# Calculating Capacitance in a Mixed Circuit?

1. Feb 9, 2016

### brinstar

1. The problem statement, all variables and given/known data
Please calculate the equivalent capacitance if C1 = 10.3 microfarads, C2 = 41.1 microfarads, and C3 = 95.5 microfarads in the diagram.

2. Relevant equations
1 / Ctotal for Parallel = (1/C1) + (1/C2) + ...
Ctotal for Series = C1 + C2 + ...

3. The attempt at a solution
So I tried to split it up. The total for the parallel part was 28.73389458 microfarads. Then the series was 10.3 microfarads, so when I add it up, I get 39.03389458 microfarads. Is this right?

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2. Feb 9, 2016

### cnh1995

Are you sure?

3. Feb 9, 2016

### brinstar

Oops, sorry! It's the opposite, my bad >.<

Now I'm getting 146.9 microfarads?

4. Feb 9, 2016

### cnh1995

Are you sure you should add the 10.3 microfarad directly to the parallel combination?

5. Feb 9, 2016

### Staff: Mentor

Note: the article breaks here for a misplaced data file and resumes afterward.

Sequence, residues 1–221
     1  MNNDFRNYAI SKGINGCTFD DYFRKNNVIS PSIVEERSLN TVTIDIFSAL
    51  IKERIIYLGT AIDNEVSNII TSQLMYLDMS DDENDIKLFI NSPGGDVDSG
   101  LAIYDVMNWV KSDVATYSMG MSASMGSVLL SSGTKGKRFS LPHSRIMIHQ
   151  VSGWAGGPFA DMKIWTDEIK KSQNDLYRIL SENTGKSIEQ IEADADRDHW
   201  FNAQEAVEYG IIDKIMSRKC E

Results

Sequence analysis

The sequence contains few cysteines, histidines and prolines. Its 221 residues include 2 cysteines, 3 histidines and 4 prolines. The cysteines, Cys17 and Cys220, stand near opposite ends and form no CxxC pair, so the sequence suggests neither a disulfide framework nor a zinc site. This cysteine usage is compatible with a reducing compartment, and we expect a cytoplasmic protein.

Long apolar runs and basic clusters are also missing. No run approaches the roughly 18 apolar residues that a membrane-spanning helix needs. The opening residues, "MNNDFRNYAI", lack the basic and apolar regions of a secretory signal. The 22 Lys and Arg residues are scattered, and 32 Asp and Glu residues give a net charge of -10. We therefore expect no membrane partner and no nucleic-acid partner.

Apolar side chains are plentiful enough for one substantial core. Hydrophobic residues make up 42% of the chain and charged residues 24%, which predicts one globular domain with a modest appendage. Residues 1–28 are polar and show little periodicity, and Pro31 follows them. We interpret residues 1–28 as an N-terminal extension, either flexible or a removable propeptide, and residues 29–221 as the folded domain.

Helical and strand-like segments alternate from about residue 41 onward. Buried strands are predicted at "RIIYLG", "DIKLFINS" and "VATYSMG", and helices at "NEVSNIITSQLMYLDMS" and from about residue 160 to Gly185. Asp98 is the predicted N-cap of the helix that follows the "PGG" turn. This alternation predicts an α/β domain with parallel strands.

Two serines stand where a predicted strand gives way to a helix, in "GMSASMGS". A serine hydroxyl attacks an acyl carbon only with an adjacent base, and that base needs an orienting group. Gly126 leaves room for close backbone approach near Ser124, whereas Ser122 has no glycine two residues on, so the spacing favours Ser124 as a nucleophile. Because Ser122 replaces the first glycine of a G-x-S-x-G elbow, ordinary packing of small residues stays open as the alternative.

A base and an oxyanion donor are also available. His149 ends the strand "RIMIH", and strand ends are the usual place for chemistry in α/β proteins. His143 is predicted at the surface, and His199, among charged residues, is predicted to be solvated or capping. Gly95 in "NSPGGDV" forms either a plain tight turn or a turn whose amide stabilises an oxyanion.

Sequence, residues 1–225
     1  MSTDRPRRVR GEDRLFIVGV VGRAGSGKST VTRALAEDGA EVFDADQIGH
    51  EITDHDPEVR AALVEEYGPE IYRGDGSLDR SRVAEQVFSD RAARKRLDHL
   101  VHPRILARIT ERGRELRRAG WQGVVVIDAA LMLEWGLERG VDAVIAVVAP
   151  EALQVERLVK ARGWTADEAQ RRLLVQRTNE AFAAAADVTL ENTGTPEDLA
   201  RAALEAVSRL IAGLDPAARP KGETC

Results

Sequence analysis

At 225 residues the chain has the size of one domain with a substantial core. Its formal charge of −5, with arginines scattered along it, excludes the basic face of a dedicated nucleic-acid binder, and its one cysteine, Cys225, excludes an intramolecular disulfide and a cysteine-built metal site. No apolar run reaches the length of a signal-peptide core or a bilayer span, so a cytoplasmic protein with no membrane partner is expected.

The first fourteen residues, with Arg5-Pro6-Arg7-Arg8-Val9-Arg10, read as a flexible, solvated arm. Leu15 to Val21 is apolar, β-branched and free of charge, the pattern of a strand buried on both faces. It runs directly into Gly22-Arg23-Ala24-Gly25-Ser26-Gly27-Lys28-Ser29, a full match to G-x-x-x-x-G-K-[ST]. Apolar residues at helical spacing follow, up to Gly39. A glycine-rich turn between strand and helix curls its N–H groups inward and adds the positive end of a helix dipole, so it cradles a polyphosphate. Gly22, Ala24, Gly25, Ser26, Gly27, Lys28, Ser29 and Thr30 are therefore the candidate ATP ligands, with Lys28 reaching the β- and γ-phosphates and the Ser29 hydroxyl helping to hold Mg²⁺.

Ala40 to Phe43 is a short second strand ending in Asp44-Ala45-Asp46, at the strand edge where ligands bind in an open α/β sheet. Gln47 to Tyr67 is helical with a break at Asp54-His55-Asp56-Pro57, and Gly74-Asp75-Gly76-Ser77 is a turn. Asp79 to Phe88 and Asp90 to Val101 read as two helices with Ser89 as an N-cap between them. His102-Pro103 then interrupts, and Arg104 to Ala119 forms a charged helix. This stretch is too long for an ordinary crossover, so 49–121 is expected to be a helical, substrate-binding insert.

A quick reality check is to realize that any time you have capacitors in series the result must be less than the smallest in the string. In your figure capacitor C1 is definitely in series with whatever net capacitance follows it...

6. Feb 9, 2016

### brinstar

Well, being that I have absolutely no idea how to face this situation, I'm as sure as can be with a wild guess :/ I'm guessing I did it wrong, though, right?

So should I be adding its inverse?

7. Feb 9, 2016

### cnh1995

Yes. Series capacitors add like parallel resistors.

8. Feb 9, 2016

### brinstar

Ah okay, I think I got it: 9.55 microfarads

Thank you!

9. Feb 9, 2016

### cnh1995

Good! In such addition, the result is always less than the least of the component values, as gneill mentioned in #5.

10. Feb 10, 2016

### brinstar

thank you for the help!